The mysterious molecular culprit of cold toothache

There’s nothing like the quirky, heartbreaking reaction of a damaged tooth exposed to something cold – a bite of ice cream or a cold drink and all of a sudden that sharp, stabbing sensation, like a needle piercing a nerve.

Researchers have known for years that this phenomenon is the result of damage to the tooth’s protective outer layer. But it has been difficult to figure out how the message goes from the outside of your tooth to the internal nerves. On Friday, biologists reported in the journal Science Advances that they have identified an unexpected player in this painful sensation: a protein embedded in the surface of cells within teeth. The discovery provides a glimpse of the connection between the outside world and the inside of a tooth, and could one day help guide the development of treatments for tooth pain.

More than a decade ago, Dr. Katharina Zimmerman, now a professor at Friedrich-Alexander University in Germany, discovered that cells that produce a protein called TRPC5 were sensitive to cold. When things cooled, TRPC5 opened to form a channel, allowing ions to flow through the cell membrane.

Ion channels like TRPC5 are spread throughout our bodies, Dr. Zimmerman said, and are behind some surprisingly familiar sensations. For example, if your eyes begin to feel cold and dry in the cold air, it is the result of the activation of an ion channel in the cornea. He wondered what other parts of the body could use a cold receptor like TRPC5. And it occurred to him that “the most sensitive tissue in the human body may be the teeth” when it comes to sensations of cold.

Within the protective layer of your enamel, your teeth are made of a hard substance called dentin that is intertwined with tiny tunnels. At the heart of dentin is the soft pulp of the tooth, where nerve cells and so-called odontoblasts, which make dentin, intertwine.

The prevailing theory about how teeth feel cold was that changes in temperature put pressure on the fluid in the dentin tunnels, somehow eliciting a response in those hidden nerves. But there were few details about how exactly that could be happening and what could be bridging the gap between them.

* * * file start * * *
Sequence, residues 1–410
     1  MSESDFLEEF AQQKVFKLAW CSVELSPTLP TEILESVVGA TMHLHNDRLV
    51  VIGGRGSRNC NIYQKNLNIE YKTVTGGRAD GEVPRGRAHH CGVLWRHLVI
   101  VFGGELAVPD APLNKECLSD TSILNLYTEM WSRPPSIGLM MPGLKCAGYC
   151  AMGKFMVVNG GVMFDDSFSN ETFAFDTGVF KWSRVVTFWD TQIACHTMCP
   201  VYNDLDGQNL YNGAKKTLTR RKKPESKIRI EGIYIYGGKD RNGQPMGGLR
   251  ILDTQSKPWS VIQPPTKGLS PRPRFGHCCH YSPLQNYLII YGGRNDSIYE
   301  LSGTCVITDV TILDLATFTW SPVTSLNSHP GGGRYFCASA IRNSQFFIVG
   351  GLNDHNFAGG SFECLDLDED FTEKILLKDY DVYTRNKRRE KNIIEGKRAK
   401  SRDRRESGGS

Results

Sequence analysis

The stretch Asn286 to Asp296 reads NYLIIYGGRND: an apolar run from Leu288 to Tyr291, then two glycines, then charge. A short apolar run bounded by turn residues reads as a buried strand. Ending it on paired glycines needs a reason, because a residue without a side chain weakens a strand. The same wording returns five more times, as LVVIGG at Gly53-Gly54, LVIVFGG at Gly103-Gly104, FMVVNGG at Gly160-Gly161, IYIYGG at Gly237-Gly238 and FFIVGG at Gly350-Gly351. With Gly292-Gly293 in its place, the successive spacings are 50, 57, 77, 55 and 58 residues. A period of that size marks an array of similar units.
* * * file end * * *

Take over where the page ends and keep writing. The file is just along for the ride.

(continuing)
Dr. Zimmerman and her colleagues sought to see if mice engineered to lack the TRPC5 channel still felt toothache like normal mice did. They were intrigued to discover that these mice, when they had damage to their teeth, did not behave as if something was wrong. In fact, they looked pretty much the same as if they’d been given an anti-inflammatory pain reliever, Dr. Zimmerman said.

His co-author Dr. Jochen Lennerz, a pathologist at Massachusetts General Hospital, examined human teeth for signs of the ion channel and found it in their nerves and other cells. That suggested that the channel could play a role in a person’s perception of cold.

Over many years, researchers built a way to accurately measure the nerve signals that come out of a mouse’s damaged molar. They tested their ideas with molecules that could block the activity of various channels, including TRPC5.

The picture they slowly gathered is that TRPC5 is active in odontoblasts. That was a bit surprising, since these supporting cells are better known for producing and maintaining dentin, not for assisting in perception. Inside the odontoblasts, Dr. Lennerz said, TRPC5 opens when the cold signal travels down the dentin tunnels, and this results in a message being sent to the nerves.

As it happens, one substance that prevents TRPC5 from opening is eugenol, the main ingredient in clove oil, a traditional toothache treatment. Although the US Food and Drug Administration is ambiguous about the efficacy of eugenol, if it reduces pain in some people, it may be due to its effect on TRPC5.

Perhaps the knowledge that this channel is at the heart of cold-induced pain will lead to better dental pain treatments down the road – better ways to prevent that message from becoming overwhelming.

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